• Macro photography on the iPhone 13 Pro models is also a lot of fun. It’s almost like gaining a super power — the ability to see small objects and details far more clearly than with the naked eye. The way that macro mode kicks in automatically, though, can be a little jarring. How it works is, with a 1× field of view in the regular still photo mode, when you bring the camera very close to a subject or surface, the Camera app switches to the 0.5× ultra wide camera. But it’s not an ultra-wide field of view. You get a roughly 1× field of view but a very close focal distance. The jarring part is when the viewfinder switches between cameras — it’s like a jump cut. It’s understandable, and doesn’t dampen the utility or fun of the feature, but it’s a little weird every time you see it happen. It makes it feel not quite as automatic or modeless as Apple intends it to feel. Also, the built-in Magnifier app (Settings → Accessibility → Accessibility Shortcut) doesn’t seem to use the camera’s macro capability. For reading really tiny text — like, say, some of the hidden fine print on U.S. currency — it’s far easier and more effective to use the Camera app than the Magnifier app.

  • I bought a regular iPhone 12 last year for my personal use, but I’ve already ordered a 13 Pro this year. (Graphite, of course, because I’m boring that way.) The camera is just too good. Maybe the new 3× telephoto lens just feels like a lot of zoom to me, personally, because I’ve spent the last year mostly using an iPhone 12 that doesn’t have a telephoto lens of any sort, but it really feels like a lot of extra zoom compared even to a 2× iPhone camera from previous years.

  • Polished stainless steel still feels like an odd material for a phone with flat sides. Somehow, to me, polished steel worked better for the round-sided iPhones (X, XS, 11). With the flat-sided iPhones 12 Pro and now 13 Pro, it’s a fingerprint magnet when used without a case. The aluminum iPhones 13 have better hand-feel to my taste, including the buttons.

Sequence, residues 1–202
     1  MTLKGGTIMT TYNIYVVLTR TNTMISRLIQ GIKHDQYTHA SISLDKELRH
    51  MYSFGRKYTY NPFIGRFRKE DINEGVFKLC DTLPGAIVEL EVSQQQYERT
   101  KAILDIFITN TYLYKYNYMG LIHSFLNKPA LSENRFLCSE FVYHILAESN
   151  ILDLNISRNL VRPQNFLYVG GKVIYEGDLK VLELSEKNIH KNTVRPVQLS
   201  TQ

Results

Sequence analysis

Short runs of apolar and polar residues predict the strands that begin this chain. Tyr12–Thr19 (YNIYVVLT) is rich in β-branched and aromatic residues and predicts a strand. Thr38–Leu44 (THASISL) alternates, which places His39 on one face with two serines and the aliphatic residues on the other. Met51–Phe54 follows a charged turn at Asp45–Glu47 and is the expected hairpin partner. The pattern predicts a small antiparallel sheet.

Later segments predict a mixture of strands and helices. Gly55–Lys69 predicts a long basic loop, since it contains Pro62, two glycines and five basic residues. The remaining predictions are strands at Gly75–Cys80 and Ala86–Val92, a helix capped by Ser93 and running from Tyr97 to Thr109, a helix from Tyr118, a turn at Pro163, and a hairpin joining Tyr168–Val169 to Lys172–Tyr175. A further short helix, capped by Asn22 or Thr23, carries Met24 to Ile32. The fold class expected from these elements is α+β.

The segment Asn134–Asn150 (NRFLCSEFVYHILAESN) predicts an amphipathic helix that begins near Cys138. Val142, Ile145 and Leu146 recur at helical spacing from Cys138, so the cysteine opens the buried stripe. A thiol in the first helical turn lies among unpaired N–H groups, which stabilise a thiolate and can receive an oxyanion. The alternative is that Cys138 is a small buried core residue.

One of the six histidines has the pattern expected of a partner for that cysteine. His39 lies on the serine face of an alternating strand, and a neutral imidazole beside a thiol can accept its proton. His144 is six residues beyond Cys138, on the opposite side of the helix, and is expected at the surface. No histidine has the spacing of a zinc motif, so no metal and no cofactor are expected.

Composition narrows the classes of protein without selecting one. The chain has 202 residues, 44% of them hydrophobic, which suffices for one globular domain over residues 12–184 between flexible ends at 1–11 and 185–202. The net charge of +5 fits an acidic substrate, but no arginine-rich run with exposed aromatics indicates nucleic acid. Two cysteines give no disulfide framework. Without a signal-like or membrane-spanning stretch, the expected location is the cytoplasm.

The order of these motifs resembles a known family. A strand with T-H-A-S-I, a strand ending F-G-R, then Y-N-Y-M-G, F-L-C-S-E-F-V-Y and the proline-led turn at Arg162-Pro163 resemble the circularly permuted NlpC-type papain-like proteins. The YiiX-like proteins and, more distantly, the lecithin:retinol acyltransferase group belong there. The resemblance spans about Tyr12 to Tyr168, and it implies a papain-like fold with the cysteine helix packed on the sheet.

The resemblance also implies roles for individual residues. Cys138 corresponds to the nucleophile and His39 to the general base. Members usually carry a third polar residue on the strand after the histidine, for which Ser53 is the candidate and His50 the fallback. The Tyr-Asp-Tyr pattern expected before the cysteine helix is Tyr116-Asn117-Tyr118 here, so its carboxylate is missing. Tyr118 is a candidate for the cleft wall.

• Colors: my review units are gold (13 Pro), sierra blue (13 Pro Max), midnight (13 Mini), and blue (regular 13). The gold once again is a very C-3PO gold. Sierra blue is very nice, and quite distinctive from any previous iPhone — I can see why Apple is using it a lot in their advertising. It plays as silver-y at times, but very clearly blue at others. Midnight plays as black or very dark gray, until you put it next to something truly black — it’s then apparent that midnight has a small touch of blue. It makes last year’s black iPhone 12 models look a little drab side-by-side. The non-pro iPhone 13 in just plain blue is nice. It’s a rich, vibrant blue. But once again, the screws on the bottom edge are not color matched. The midnight iPhone 13 Mini has nearly-matching black screws, but the blue iPhone 13 has silver screws. I don’t know why that bugs me.

  • Battery life was outstanding. As usual, I’ve been using the phone extensively, including power-hungry features like Cinematic mode, and I ended each day with plenty of charge left in the tank.


  1. It occurred to me while swiping to scroll a long web page as fast as I could that we’re a long way removed from the checkerboard placeholder background that Mobile Safari would render while scrolling in iPhone OS version 1. ↩︎